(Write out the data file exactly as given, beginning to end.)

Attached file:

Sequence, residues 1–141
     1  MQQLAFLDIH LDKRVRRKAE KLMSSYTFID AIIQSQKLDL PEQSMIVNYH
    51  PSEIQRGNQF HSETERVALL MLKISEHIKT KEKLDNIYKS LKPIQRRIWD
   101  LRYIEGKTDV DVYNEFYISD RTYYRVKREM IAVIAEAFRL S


Sequence, residues 1–141
     1  MQQLAFLDIH LDKRVRRKAE KLMSSYTFID AIIQSQKLDL PEQSMIVNYH
    51  PSEIQRGNQF HSETERVALL MLKISEHIKT KEKLDNIYKS LKPIQRRIWD
   101  LRYIEGKTDV DVYNEFYISD RTYYRVKREM IAVIAEAFRL S